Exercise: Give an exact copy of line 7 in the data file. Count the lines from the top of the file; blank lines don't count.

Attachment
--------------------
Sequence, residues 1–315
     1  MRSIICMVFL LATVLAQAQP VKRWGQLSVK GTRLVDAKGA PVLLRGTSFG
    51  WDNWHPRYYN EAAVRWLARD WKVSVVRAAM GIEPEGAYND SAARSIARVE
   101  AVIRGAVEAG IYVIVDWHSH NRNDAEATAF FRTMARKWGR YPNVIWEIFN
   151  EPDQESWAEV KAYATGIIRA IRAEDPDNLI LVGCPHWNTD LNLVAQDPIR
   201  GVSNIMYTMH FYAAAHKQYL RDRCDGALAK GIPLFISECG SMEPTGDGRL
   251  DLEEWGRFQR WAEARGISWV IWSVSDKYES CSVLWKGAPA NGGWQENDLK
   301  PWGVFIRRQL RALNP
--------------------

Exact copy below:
   251  DLEEWGRFQR WAEARGISWV IWSVSDKYES CSVLWKGAPA NGGWQENDLK